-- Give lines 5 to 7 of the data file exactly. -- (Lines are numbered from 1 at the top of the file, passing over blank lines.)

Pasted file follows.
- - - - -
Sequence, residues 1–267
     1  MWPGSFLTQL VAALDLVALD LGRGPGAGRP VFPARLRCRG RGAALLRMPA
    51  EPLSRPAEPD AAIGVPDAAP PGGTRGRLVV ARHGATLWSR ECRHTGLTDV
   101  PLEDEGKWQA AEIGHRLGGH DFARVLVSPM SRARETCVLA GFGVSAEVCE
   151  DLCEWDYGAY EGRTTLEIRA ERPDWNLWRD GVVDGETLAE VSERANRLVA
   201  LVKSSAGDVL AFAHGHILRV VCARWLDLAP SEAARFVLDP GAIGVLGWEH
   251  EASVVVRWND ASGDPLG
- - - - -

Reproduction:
   151  DLCEWDYGAY EGRTTLEIRA ERPDWNLWRD GVVDGETLAE VSERANRLVA
   201  LVKSSAGDVL AFAHGHILRV VCARWLDLAP SEAARFVLDP GAIGVLGWEH
   251  EASVVVRWND ASGDPLG